There is no easy way to control measles in the tropics. Success will depend on many factors including increased funding, a more "robust" vaccine, an improved "cold chain," better nutrition, a more effective health infrastructure, and acceptance of the programme by the community. 1 Lancet, 1976, 2, 132. 2 Linnemann, C C, jun, American Journal of Epidemiology, 1973, 97, 365. 3 Ghosh, S, and Dhatt, P S, Indian Journal of Child Health, 1961, 10, 111. I Morley, D C, Woodland, M, and Martin, W J, Journal of Hygiene, 1963, 61, 115. 5 John, T J, and Jesudoss, E S, Indian Pediatrics, 1973, 10, 65. 6 Dover, A S, et al, Journal of the American Medical Association, 1975, 234, 612. 7 Morley, D C, British Medical Journal, 1969, 1, 363. 8 Morley, D C, Martin, W J, and Allen, I, West African Medical Journal, 1967, 16, 24. 9 Holder, W V, Dissertation for University of London Diploma in Tropical Public Health, 1976. 10 Martin, W J, Morley, D C, and Woodland, M, Journal of Tropical Paediatrics, 1964, 10, 82. 1 Pereira, S M, and Benjamin, V, Tropical and Geographical Medicine, 1972, 24, 124. 12 Gupta, B M, and Singh, M, Tropical and Geographical Medicine, 1975, 27, 383. 13 Kimati, V P, and Lyaruu, B, East African Medical3Journal, 1976, 53, 332. 14 Gans, B, West African Medical Journal, 1961, 10, 33. 15 Puffer, R R, and Serrano, C V, Patterns of Mortality in Childhood. Washington, Pan American Health Organisation, 1973 16 King, M, et al, Nutrition for Developing Countries. Nairobi, Oxford University Press, 1972. 17 British Medical journal, 1976, 2, 777. 18 Morley, D C, Paediatric Priorities in the Developing World, p 220. London, Butterworths, 1973. 19 Dossetor, J F B, and Whittle, H C, British Medical Journal, 1975, 2, 592. 20 Axton, J H M, British Medical Journal, 1975, 3, 79. 21 Rhazes, A Treatise on the Smallpox and Measles. London, Divisio Morborum, Sydenham Society, 1848. 22 Buchan, W, Domestic Medicine, 15th edn. London, Strahan, Cadell and Davies, 1797. 23 Scheifele, D W, and Forbes, C E, Pediatrics, 1972, 50, 867. 24 McGlashan, N D, Tropical and Geographical Medicine, 1969, 21, 157. 25 Krugmann, S, and Giles, J P, Measles. The Problem. In International Conference on the Application of Vaccines Against Viral, Rickettsial, and Bacterial Disease of Man, no 226. Washington, Pan American Health Organisation, 1970. 26 Foege, W H, Boletin de la Oficina Sanitaria Panamericana, 1974,77,500. 27 Hendrickse, R G, Transactions of the Royal Society of Tropical Medicine and Hygiene, 1975, 69, 31. 28 Abel-Smith, B, World Health Organisation Chronicle, 1973, 27, 407. 29 Stanfield, J P, and Bracken, P M, Transactions of the Royal Society of Tropical Medicine and Hygiene, 1975, 69, 26. 30 Stanfield, J P, and Bracken, P M, Transactions of the Royal Society of Tropical Medicine and Hygiene, 1971, 65, 620. 31 McBean, A M, et al, Transactions of the Royal Society of Tropical Medicine and Hygiene, 1976, 70, 206. 32 Lloyd, J S, World Health Organisation Chronicle, 1976, in press. 33 Guyer, B, McBean, A M, and Henn, A E, New EnglandJournal of Medicine, 1975, 292, 534.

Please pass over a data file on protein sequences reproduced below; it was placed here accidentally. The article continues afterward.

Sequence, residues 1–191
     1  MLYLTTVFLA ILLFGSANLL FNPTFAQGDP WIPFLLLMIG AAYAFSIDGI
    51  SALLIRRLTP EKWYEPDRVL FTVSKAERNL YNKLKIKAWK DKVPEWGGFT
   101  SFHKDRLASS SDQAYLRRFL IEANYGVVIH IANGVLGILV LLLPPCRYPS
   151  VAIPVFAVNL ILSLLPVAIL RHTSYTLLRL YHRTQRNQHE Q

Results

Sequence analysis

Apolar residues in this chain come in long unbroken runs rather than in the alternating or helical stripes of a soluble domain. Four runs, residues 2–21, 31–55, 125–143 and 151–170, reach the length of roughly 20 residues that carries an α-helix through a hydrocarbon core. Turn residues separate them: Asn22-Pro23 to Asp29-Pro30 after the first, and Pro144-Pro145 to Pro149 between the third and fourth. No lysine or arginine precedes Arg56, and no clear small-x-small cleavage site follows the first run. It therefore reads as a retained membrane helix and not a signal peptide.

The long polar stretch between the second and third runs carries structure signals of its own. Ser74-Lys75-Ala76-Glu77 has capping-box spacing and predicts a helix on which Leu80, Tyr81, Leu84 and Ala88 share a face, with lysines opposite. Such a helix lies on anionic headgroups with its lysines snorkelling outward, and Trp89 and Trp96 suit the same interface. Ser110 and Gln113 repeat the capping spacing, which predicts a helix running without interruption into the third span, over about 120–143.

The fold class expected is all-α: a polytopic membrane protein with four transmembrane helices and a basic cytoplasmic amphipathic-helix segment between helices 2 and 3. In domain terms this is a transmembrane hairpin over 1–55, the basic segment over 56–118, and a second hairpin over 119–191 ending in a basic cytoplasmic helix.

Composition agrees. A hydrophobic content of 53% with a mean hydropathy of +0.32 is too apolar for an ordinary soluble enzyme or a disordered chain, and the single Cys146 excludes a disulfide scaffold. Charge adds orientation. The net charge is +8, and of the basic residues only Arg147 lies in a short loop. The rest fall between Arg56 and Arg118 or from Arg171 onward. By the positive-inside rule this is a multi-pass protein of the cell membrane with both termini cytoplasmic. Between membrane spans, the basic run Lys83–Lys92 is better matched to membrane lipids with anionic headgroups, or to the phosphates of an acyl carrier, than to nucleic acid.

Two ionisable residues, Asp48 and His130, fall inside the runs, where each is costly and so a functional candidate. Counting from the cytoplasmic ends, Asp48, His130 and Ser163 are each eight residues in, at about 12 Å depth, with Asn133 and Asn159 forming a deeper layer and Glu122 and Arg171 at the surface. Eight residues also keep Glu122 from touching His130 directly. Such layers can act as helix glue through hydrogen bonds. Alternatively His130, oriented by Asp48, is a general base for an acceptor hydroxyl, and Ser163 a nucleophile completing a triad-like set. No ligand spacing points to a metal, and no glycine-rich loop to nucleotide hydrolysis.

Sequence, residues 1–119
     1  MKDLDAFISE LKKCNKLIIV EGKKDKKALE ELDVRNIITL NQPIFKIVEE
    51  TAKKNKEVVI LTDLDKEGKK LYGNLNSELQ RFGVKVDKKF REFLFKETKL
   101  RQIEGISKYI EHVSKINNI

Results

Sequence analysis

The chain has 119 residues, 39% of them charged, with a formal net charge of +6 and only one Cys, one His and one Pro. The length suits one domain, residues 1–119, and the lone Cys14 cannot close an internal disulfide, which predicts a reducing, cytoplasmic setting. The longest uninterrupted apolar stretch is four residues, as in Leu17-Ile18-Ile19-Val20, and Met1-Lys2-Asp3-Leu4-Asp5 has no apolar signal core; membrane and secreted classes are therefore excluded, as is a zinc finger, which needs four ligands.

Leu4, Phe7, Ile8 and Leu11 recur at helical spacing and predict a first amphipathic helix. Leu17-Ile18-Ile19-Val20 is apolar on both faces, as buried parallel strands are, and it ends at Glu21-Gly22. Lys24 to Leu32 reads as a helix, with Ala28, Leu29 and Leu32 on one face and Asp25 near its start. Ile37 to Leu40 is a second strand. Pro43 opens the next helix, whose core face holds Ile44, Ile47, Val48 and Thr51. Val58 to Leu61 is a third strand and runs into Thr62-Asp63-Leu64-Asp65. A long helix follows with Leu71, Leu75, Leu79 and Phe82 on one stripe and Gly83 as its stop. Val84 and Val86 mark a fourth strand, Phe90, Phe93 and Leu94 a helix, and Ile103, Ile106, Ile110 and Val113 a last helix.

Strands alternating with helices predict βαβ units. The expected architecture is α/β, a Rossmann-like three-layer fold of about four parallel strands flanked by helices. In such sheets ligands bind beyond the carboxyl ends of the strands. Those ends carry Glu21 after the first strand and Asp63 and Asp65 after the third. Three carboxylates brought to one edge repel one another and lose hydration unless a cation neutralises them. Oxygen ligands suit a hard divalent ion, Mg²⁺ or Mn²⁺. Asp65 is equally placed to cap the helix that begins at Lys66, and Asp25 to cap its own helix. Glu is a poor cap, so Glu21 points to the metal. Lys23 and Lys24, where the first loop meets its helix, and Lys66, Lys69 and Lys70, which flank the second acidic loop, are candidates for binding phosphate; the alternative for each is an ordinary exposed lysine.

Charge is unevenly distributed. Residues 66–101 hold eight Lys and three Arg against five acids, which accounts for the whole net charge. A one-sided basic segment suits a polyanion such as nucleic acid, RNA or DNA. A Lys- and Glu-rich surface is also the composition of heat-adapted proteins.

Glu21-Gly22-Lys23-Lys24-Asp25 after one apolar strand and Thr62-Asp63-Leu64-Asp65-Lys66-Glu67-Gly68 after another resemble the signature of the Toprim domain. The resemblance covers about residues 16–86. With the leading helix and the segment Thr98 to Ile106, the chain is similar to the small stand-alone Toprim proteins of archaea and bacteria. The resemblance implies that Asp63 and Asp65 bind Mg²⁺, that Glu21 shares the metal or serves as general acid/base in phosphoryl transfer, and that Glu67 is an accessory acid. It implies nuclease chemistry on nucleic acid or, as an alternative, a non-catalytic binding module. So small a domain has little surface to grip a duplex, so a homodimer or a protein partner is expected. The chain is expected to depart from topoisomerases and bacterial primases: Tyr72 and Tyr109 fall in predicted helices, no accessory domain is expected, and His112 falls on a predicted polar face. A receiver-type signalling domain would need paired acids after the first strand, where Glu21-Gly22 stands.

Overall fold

Burrowes, J, and Cruickshank, J G, Central African Journal of Medicine, 1976, 22, 45. 35 Dick, B, Smith, T, and Kipps, A, South African Medical Journal, 1975, 49, 1951. 36 Mata, L J, and Faulk, W P, Archivos Latinoamericanos de Nutricion, 1973, 23, 345. 37 Scrimshaw, N S, et al, American Journal of Tropical Medicine and Hygiene, 1966, 15, 625. 34